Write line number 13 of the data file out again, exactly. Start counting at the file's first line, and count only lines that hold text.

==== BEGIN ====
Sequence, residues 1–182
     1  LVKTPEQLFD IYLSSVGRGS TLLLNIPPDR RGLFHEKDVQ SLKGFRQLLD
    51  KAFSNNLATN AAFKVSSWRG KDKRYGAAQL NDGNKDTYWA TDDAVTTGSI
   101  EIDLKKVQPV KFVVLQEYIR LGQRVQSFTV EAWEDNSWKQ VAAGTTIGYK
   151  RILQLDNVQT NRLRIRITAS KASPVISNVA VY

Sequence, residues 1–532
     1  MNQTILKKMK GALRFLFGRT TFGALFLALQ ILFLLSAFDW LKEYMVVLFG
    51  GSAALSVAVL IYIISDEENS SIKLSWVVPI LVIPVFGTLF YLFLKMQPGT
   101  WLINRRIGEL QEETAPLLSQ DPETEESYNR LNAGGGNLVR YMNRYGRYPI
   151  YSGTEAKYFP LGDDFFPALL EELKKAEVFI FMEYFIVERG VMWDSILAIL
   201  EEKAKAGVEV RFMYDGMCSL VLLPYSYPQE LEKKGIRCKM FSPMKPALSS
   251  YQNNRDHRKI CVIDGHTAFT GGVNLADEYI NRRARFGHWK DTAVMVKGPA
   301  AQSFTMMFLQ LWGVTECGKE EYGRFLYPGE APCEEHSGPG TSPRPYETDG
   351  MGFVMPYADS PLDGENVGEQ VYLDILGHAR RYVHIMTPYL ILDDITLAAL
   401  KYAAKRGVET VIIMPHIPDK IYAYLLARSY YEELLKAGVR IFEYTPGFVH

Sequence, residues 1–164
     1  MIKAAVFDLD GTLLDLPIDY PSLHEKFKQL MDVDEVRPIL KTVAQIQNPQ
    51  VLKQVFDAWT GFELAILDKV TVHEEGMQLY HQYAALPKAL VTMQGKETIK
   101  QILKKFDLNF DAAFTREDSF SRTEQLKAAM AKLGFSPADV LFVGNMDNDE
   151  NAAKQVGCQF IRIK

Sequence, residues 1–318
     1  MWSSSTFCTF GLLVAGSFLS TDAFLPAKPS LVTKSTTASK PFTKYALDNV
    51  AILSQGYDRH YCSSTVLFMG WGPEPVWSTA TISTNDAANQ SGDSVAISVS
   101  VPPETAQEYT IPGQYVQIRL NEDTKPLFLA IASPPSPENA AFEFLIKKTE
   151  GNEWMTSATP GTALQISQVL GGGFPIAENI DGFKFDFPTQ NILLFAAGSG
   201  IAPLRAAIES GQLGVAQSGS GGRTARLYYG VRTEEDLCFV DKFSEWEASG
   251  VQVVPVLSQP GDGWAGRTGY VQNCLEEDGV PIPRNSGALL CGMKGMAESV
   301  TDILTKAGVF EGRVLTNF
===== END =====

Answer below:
   301  AQSFTMMFLQ LWGVTECGKE EYGRFLYPGE APCEEHSGPG TSPRPYETDG